Benjamin Russell

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Benjamin Russell

Birthplace: dartmouth, Canada
Death: September 20, 1935 (86)
bedford, Canada
Immediate Family:

Son of Nathaniel Russell, Jr and Agnes Russell
Husband of Louise E Russell
Father of Frank Weldon Russell; Harold Allison Russell; Anna Louise Russell; Grace Marguerite Russell; Benjamin Russell, Jr. and 3 others
Brother of John Russell; Agnes Russell; Alma Russell; Mary Russell and Howard Russell

Occupation: Judge, MP
Managed by: Private User
Last Updated:

About Benjamin Russell

Benjamin Russell (January 10, 1849 – September 20, 1935) was a Canadian lawyer, professor of law, judge, and politician in the province Nova Scotia.

Born in Dartmouth, Nova Scotia, the son of N. Russell, Russell was educated at the Halifax Grammar School and at Mount Allison College. A lawyer, he was also a Professor of the Law of Contracts in Dalhousie University. He was also a Reporter to the Supreme Court and a legal adviser of the Legislative Council of Nova Scotia. He was first elected to the Canadian House of Commons for the electoral district of Halifax in the 1896 general election. A Liberal, he was re-elected in the 1900 election for the electoral district of Hants.

In 1904 he was appointed a puisne judge of the Nova Scotia Supreme Court. He served until his death in 1935. In 1932, his autobiography was published called Autobiography of Benjamin Russell (Halifax: Royal Print and Litho Ltd.).

Halifax Explosion Manslaughter Cases, 1918

Benjamin Russell, a 68-year-old Supreme Court judge, was getting dressed on the morning of December 6, 1917 when a massive explosion shook the Halifax home where he rented a room. His fellow tenants, convinced they were being bombed by German airplanes, fled to the basement but Russell went to the door and watched as “a gently curving column of fire, of all the colors that fire can assume,” rose over the city’s north end. Russell spent the following days helping to care for homeless children and arranged for clothing and other relief supplies to be stored in the hallways of the Spring Garden Road courthouse. But Russell’s biggest contribution in the aftermath of the Halifax Explosion would be made in the courtroom.

The explosion, triggered when the freighter Imo and the munitions ship Mont Blanc collided in the harbour, was the world’s largest pre-atomic blast, leaving almost 2,000 dead, another 9,000 maimed or injured, and flattening huge swaths of the city. An inquiry convened with days and its commissioner, Justice Arthur Drysdale of the Supreme Court, ruled the Mont Blanc had caused the collision. In response to Drysdale’s criticisms and the local newspapers’ demands for vengeance, manslaughter charged were filed against three men – Aime Le Medec, the Mont Blanc’s captain; Frank Mackey, a local pilot who guided the ship into the harbour; and Commander Frederick Evans Wyatt, the official responsible for overseeing harbour traffic.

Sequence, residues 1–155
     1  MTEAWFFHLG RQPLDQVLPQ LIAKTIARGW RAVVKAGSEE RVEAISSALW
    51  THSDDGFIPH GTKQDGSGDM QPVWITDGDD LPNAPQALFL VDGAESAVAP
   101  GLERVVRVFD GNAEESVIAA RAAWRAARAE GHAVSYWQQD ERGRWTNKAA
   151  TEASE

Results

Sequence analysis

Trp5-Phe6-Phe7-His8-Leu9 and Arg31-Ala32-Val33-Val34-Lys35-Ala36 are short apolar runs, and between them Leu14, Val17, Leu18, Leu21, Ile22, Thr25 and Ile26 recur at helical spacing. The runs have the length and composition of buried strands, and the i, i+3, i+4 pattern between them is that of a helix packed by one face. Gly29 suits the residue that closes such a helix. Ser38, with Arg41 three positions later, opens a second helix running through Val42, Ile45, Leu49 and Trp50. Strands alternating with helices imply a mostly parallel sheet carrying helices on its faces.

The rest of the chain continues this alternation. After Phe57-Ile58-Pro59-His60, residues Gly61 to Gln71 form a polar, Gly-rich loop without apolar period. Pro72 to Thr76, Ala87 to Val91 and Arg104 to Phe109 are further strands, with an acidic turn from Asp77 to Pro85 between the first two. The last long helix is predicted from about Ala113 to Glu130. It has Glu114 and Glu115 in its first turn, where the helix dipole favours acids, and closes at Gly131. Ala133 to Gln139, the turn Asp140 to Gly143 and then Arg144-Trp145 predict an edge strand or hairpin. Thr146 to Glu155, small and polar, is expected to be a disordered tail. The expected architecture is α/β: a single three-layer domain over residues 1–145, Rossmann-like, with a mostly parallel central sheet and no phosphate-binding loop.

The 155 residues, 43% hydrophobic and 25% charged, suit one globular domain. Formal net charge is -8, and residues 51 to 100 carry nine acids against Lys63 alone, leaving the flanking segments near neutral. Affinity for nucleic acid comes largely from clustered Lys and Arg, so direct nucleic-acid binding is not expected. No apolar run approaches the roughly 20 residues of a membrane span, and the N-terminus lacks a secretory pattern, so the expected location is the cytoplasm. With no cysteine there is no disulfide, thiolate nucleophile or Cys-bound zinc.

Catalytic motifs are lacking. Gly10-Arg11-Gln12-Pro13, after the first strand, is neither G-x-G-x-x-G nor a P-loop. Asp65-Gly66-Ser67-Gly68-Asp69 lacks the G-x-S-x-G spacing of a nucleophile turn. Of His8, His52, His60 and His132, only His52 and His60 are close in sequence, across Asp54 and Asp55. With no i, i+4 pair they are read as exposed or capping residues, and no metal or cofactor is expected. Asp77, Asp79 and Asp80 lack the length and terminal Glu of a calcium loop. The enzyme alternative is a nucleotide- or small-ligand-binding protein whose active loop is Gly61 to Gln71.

The defence applied to the supreme Court to release Mackey and Le Medec, and Russell ruled there was no evidence to support criminal charges, despite the findings of his colleague Drysdale. In his view, the Imo was at fault and Mackey had taken “every possible care to prevent the collision.” Russell later wrote in his memoirs that a person should not be convicted of manslaughter for doing “what was best in his judgment to prevent an impending accident even if, in spite of his best efforts, the struggle was unsuccessful.”

When Wyatt’s case came before a grand jury for review in March 1918, Russell again appealed for Haligonians to stop looking for scapegoats. “When a great calamity such as that which has visited this city occurs,” he declared, “there is a very natural and pardonable disposition ... to demand vengeance and seek to hold somebody criminally responsible.” Despite his instructions that the evidence “fell short of the requirements for an indictment for manslaughter,” Wyatt was ordered to stand trial. Russell presided over the trial and repeated his assertion that “nothing in the eyes of the law” justified a manslaughter charge. This time a jury listened and acquitted Wyatt.

The owners of the two vessels sued each other for damages but fought to a draw. Drysdale, despite his obvious bias, was on the bench for the civil trial and again found the Mont Blanc to blame. He awarded $2 million to the Imo’s owners, but the Supreme Court of Canada and the Judicial Committee of Britain’s Privy Council – then Canada’s final court of appeal – overturned the award and found the ships equally liable for the collision.

For more information on this case, see Dean Jobb, “Assigning the Blame,” in Crime Wave: Con-Men, Rogues and Scoundrels from Nova Scotia’s Past (Lawrencetown Beach, N.S.: Pottersfield Press, 1991), pp. 57-66; Benjamin Russell, Autobiography (Halifax: Royal Print and Litho, 1932), pp. 264-73.

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Benjamin Russell's Timeline

January 9, 1849
dartmouth, Canada
October 16, 1873
dartmouth, Canada
December 18, 1874
Dartmouth, NS, Canada
May 1, 1878
Dartmouth, NS, Canada
December 3, 1881
Dartmouth, NS, Canada
April 14, 1884
dartmouth, Canada
May 27, 1886
dartmouth, Canada
February 7, 1889
dartmouth, Canada
April 30, 1892
dartmouth, Canada